COLLYER BROTHERS (persons/architecture) Homer and Langley Collyer were born a few years apart in late 19th century New York and brought up in bourgeois surroundings in Harlem. But after being abandoned by the father and eventually the mother, and as the neighbourhood started taking on a new population of Afro-americans, the two brothers isolated themseves and started constructing a world within a world in their brownstone house. As the years went by, the brothers had diminishing contact with the outside world and were at best considered an oddity in the neighourhood.
It would turn out later that what Langley was doing was constructing a new house within the building, with small grottoes and tunnels resembling a labyrinthian rabbit hole. In march 1947, the police received an anonymous call that claimed the stench of a dead body coming from the Collyer house. The police where met by an impenetrable construction, made out of waste materials. Packed throughout with a mass of diverse junk, it took them several days of removal to get into the house. Among the more unusual items found were human pickled organs, the chassis of an old Model T Ford, fourteen pianos (both grand and upright), hundreds of yards of unused silks and fabric, the folding top of a horse-drawn carriage, 13 ornate mantel clocks, and more than 25,000 books. It was proto-hoarding on a scale unseen, before or since. The deconstruction of the Collyer garbage palace took weeks, finally a total of 136 tons of junk was removed from the building. Intentionally or not, the brothers had transformed their home into an architectural garbage heap. Liveröd has used the Collyers both as subject-matter in essays for the publication Eskapism and in newspaper articles, as well as in the curatorial project Neverlands revisited for Rogaland Kunstsenter together with Lukas Feireiss. Also see: Collector, Anomaly, The Winchester Mystery House, Site-specific.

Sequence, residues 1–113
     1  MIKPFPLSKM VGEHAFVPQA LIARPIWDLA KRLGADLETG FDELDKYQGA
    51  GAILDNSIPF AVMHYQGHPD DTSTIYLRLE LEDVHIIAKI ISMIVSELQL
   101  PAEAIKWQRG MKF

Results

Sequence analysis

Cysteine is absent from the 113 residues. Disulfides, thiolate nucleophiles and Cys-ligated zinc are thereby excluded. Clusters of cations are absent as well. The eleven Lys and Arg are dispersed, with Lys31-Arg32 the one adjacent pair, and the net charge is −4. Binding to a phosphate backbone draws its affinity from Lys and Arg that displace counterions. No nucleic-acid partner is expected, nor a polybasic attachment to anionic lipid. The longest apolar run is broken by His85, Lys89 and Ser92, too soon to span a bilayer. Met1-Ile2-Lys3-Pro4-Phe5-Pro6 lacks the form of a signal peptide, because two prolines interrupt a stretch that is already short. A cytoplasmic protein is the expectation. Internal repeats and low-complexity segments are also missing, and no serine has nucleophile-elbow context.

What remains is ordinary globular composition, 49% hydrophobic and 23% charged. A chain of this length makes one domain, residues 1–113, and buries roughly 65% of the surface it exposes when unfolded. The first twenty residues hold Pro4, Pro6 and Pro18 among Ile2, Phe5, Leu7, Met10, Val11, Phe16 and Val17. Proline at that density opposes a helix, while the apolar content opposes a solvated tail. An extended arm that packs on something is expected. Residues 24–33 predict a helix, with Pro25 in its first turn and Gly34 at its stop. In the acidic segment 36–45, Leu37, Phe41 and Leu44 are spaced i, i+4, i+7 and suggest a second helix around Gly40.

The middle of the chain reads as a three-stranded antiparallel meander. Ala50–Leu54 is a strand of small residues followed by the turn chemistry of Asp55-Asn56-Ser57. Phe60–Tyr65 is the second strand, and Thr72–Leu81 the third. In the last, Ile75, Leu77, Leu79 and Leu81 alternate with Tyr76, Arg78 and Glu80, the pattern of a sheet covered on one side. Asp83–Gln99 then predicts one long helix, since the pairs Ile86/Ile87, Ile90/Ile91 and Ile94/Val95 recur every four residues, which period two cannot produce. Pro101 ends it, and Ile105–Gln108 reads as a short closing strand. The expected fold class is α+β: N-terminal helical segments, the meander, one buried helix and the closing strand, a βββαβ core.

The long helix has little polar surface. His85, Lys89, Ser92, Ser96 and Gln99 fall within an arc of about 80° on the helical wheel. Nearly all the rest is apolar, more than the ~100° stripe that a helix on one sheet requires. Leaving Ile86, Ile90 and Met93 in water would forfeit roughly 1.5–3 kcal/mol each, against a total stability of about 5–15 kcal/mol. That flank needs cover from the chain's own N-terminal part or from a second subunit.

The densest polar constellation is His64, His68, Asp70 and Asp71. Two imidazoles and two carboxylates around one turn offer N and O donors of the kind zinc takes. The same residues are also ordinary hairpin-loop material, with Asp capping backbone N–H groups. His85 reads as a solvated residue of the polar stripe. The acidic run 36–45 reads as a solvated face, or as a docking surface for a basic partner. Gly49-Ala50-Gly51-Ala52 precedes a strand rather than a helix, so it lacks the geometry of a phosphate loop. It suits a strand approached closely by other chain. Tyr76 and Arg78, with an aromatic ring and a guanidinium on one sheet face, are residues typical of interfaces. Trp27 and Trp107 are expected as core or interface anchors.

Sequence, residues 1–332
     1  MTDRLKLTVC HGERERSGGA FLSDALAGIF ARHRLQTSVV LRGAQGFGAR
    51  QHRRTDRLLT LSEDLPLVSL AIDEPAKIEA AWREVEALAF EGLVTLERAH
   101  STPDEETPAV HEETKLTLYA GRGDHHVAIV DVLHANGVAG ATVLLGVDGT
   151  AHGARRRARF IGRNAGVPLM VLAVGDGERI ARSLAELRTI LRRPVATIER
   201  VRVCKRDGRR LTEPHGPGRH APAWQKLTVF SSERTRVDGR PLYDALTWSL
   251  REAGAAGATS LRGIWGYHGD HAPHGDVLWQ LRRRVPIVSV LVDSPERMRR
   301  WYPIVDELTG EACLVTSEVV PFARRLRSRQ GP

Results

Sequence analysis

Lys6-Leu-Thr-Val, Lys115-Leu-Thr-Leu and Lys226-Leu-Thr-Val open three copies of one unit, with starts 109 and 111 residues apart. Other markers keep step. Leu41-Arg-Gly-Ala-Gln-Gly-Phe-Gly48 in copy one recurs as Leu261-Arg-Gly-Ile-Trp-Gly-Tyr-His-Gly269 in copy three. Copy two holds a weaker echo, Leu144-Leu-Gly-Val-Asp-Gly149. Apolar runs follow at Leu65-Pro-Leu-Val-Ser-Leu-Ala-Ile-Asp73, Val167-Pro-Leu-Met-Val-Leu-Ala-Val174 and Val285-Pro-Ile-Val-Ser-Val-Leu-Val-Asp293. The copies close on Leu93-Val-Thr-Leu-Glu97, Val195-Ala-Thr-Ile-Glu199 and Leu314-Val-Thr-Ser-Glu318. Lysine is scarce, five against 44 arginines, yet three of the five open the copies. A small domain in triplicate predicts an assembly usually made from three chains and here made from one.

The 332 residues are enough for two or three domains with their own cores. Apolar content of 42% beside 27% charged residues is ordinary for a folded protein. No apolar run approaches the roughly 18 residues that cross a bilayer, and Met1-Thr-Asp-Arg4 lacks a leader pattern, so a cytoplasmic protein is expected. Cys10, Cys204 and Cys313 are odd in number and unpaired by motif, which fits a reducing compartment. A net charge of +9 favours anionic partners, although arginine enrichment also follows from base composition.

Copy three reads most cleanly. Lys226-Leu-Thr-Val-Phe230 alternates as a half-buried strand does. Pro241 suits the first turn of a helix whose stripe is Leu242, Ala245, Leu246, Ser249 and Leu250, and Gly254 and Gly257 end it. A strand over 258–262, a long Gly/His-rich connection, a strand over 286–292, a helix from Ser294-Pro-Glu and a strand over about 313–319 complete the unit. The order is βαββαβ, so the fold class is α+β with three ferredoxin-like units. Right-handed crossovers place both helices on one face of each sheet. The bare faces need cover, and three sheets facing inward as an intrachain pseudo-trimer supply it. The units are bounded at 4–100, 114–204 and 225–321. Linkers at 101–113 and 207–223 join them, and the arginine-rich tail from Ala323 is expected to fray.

CPR DUMMY (object) Rescue Annie as she is nicknamed was invented in the 1930s to practice life-saving. As a morbid twist the face chosen for the doll was modeled on the death mask of L’Iconnue de la Seine, the anonymous young woman who committed suicide by drowning in the river Seine in Paris. Somewhat poetically, through the CPR doll it is as if we keep on trying to save the Seine woman from her death again and again. The CPR dummies come in all shapes and sizes but all have that uncanny and awkward appearance of simultaneous life and death. There is something very sculptural about her figure, both as a complete body or when the doll is just a torso. Anyone who has been forced to try these out as a kid will not forget it – the smell of the rubber mouth, the hints of earlier users’ saliva, the soft yet hard and foreign feel of her silicone skin. Liveröd has used both Línconnue and Rescue Annie in several works, most recently in the two versions of the sculptural installation Flotsam & Jetsam.